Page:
How Thinking about our Legacy Can Save the World
By Alex Shaw, Haotian Zhou
Many of us enjoy action movies in which the superhero rescues humanity by stopping some impending disaster from destroying our world. Trying to save the world is surely one of the noblest purposes to which one can commit oneself. Saving the world may seem like something only superheroes can do, but this is not necessarily the case. While many of us cannot jump over tall buildings in a single bound, we too are capable of doing our part to save the world, by nipping the impending catastrophe climate change would invariably lead to in the bud. However, many of us fail to do our part to battle the negative effects of climate change because the threat that it poses seems so distant.
Is there some way to rally people to combat these deleterious effects of climate change? Lisa Zaval, Ezra Markowitz, and Elke Weber from Columbia University have a recent study that demonstrates that the answer to this question might be in the future. That is, people might be much more likely to help the environment today if they think about how their life will be judged and remembered by future generations. These authors hypothesized that people who care more about how they will be thought of by future generations will be more likely to help the environment today because they would be more concerned about having a positive legacy.
Image ©: David Schiersner 2014
In their first study they explored this hypothesis by examining if people who are more focused on their legacy are also more likely to hold proenvironmental beliefs and to be more likely to donate to environmental causes. In order to assess people’s focus on their legacy the authors asked questions about how much they cared about their legacy (e.g., “It is important for me to leave a positive mark on society” and “I care about what future generations think of me.”). They then assessed people's attitudes toward policies and behaviors that would mitigate the damages of climate change. They also gave participants the opportunity to donate part of a bonus they received for completing the study to a proenvironmental charity. The authors found that those who reported a high amount of concern with their legacy were much more likely to report proenvironmental attitudes and were more likely to donate their own money to a proenvironmental charity. Of course, these behaviors might not necessarily stem from the concern for one’s own legacy (e.g. maybe caring about the environment makes you more likely to focus on your legacy), so in their second study the authors manipulated people’s focus on their legacy. To do this, one group of participants were asked to write about what they want to be remembered for by future generations and another group did not write anything. Participants then filled out a similar survey that assayed their environmental attitudes and willingness to donate to an environmental charity. The authors found, as they predicted, that those who wrote about their legacy were more likely to endorse behaviors that would mitigate the damages of climate change and to donate to a proenvironmental charity.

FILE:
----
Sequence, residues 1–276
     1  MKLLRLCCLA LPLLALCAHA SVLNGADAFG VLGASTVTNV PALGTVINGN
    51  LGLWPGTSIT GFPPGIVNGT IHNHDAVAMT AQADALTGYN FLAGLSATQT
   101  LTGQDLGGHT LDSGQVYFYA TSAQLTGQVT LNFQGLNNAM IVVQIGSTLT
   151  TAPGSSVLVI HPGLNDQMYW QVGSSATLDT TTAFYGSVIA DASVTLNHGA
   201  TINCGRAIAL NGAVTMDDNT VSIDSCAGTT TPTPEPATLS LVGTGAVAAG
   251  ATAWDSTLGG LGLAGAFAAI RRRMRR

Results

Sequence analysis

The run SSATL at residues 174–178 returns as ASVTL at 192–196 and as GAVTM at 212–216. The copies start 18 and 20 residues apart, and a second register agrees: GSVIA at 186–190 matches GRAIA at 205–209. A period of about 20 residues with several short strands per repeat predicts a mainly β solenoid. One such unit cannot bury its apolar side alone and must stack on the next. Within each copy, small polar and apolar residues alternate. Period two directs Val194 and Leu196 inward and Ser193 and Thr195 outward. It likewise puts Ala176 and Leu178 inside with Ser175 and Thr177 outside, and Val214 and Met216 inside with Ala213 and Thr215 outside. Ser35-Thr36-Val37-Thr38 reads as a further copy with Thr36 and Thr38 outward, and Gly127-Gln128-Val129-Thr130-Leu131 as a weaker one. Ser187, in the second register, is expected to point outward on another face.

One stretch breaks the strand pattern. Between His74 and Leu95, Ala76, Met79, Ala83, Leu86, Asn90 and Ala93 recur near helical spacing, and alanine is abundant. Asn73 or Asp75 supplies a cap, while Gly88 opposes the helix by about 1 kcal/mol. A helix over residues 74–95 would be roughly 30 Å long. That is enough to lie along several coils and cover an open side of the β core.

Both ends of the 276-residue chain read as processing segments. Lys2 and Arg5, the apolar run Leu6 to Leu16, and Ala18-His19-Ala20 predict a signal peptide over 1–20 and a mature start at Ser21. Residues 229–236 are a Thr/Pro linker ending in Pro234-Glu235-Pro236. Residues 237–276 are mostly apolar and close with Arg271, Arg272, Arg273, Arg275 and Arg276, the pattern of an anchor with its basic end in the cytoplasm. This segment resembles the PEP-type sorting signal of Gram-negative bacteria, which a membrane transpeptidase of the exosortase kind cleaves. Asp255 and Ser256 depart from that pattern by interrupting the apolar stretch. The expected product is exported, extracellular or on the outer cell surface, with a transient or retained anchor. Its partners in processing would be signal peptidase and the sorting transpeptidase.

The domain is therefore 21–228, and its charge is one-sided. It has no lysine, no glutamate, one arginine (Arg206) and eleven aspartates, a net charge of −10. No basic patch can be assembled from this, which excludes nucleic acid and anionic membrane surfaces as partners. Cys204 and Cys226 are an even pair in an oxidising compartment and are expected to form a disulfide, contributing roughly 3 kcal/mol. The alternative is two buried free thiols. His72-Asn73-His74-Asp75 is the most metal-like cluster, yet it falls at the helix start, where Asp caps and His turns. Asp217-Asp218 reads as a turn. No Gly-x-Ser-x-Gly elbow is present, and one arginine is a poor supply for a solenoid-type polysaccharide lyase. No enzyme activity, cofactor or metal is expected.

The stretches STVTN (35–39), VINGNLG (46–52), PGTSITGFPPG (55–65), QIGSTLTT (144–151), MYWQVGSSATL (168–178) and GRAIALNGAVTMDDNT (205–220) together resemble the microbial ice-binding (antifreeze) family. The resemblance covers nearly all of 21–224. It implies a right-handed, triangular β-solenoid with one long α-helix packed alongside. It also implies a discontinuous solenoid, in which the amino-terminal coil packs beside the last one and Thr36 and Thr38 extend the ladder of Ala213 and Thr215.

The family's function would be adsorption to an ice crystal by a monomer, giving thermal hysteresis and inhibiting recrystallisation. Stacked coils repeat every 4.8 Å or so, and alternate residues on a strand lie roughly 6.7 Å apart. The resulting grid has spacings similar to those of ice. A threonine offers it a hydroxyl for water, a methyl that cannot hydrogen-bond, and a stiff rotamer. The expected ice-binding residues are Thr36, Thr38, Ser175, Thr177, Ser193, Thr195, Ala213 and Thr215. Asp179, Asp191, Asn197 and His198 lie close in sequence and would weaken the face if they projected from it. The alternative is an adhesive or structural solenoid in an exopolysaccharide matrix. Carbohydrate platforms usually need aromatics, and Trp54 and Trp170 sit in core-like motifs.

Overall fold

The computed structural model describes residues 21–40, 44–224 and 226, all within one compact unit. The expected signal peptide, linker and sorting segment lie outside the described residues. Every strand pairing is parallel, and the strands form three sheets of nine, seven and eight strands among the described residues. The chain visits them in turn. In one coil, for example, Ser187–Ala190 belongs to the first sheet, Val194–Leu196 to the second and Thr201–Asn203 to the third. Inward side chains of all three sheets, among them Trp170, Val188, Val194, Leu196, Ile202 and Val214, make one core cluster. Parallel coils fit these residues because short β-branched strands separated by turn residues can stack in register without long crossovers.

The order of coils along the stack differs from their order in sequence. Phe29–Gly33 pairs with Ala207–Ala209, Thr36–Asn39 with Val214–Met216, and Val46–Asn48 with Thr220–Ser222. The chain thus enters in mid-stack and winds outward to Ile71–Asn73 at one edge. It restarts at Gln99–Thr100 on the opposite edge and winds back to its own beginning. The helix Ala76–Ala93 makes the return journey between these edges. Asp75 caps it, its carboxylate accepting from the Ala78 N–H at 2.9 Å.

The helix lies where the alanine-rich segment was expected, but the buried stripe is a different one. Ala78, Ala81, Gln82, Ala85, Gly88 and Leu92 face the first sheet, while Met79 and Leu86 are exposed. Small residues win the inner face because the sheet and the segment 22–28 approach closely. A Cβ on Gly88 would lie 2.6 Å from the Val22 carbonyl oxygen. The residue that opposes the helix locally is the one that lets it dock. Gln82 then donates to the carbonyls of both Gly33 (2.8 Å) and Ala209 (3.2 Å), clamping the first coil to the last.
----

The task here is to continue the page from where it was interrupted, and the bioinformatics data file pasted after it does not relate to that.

These results reveal that reflecting on our legacy appears to be one powerful way to inspire us to pursue more purposeful behaviors. We have previously covered New Paths to Purpose research that suggests that thinking about now as the future can powerfully motivate more purposeful behavior. These research programs have somewhat similar messages. It can be easy to get lazy or distracted when pursuing goals whose benefits only crystalize in the future. However, the benefits will forever be beyond your reach if you don’t take that proverbial first step. Whether your goal is saving the world or achieving a goal that only matters to yourself, the important thing to remember is that it is impossible to change the future if you never act in the now. So go do something purposeful today, the future will thank you for it.